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The two historical examples I draw from Roger Goodell as commissioner?

1) Richard Nixon’s use of power with impunity during and after the Watergate break-in. Absolute power has a way of corrupting those that wield it. History is our witness.

2) Paul Tagliabue’s reversal of the Bountygate penalties. This was Goodell's former boss/mentor with a short message to Roger: Be a little smarter in the future. Roger ignored this insight.

—Grant Perry

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Peter King wrote an article on Goodell that made a point of Goodell’s strong ethics which were brought about by how much he revered his father. As I’m sure you’ll recall, his father, a senator, was against the Vietnam War, much to the chagrin of Richard Nixon, eventually leading to his removal from his office. Goodell’s dad was a strong and honorable man no doubt. One of the things mentioned in the article is that Roger wrote to his father once stating, “If there is one thing I want to accomplish in my life besides becoming commissioner of the NFL, it is to make you proud of me.” I am an honest guy. Or try to be anyway. I don’t like liars. But what I really don’t like are people who claim to be honest and righteous but will bend their ethics and behavior when it suits them. Either you are ethical or you are not. Goodell has shown a history of lying and manipulating when it suits him (Ray Rice, Deflategate, Bountygate, 18-game schedule, concussions). If making his father proud was something that the commissioner strived for he has failed miserably. Fathers and parents, or at least decent parents, as I'm sure his were, would care more about the character of their child, not his bloated paycheck.  


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I love Roger Goodell. He is exactly why NFL is so powerful. He disciplines these punks that don’t understand it’s a PRIVILEGE to play in the NFL! Lets hope Goodell is commissioner 20 more years!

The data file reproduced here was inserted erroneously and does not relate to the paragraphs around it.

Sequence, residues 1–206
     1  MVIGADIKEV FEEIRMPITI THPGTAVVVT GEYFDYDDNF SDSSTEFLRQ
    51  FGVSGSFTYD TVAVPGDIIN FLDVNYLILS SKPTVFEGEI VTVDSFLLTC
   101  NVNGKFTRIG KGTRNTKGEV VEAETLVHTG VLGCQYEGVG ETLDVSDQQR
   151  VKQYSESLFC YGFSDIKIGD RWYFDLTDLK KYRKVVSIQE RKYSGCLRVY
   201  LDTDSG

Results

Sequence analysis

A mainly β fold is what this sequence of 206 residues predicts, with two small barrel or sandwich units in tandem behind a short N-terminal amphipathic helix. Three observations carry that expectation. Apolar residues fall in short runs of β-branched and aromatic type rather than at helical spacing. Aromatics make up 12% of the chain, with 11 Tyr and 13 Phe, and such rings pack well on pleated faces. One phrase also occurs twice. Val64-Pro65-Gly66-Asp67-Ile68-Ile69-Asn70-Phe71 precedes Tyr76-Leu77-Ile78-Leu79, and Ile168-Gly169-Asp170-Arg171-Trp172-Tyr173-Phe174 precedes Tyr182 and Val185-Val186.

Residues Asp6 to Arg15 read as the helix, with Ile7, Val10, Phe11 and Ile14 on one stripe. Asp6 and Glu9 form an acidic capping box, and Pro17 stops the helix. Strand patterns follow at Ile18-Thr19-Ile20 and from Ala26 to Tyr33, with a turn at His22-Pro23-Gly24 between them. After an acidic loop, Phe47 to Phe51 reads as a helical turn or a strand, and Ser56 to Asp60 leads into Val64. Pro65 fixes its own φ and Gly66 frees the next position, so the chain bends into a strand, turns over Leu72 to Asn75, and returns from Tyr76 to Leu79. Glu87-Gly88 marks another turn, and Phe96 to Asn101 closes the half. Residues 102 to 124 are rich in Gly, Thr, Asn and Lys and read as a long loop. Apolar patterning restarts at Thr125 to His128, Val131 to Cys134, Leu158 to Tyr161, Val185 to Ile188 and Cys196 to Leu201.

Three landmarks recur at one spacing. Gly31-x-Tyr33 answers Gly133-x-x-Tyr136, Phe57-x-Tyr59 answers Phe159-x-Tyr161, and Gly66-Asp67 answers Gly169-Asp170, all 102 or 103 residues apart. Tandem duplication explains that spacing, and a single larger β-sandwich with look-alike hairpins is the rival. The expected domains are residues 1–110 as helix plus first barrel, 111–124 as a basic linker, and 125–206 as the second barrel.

—Frank Provenzo

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I believe the job is too big for Goodell. His ego is too big to be effective at the top. I cannot believe no one told him to slow down on Deflategate. He appears to be an anal micromanager, with a tin ear for advice or critics. I predict he crashes and burns this year when owners turn on him.


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I think Kedric Golston’s missive regarding Roger Goodell confirms that offensive linemen are usually the smartest guys on the team.

He lays out several criticisms of the commissioner, most of which are quite valid including the idea of an 18-game season (it will ultimately dilute the product), and the disciplinary process (or lack thereof).  But that criticism is balanced by his uncommon ability to take a wider view, and acknowledge that both the league and players have prospered, and that in the last CBA, the players agreed to many of issues that are the subjects of their current complaints. (I wish I could get my kids to face up to the consequences of their own choices!)

I think a guy like this is actually interested in improving the game for all stakeholders—players, owners and fans, doing it incrementally and carefully and working with the other side without the histrionics and bluster we more commonly hear. Mr. Golston, would you consider running for (much) higher office after your football career?

—Greg, Calgary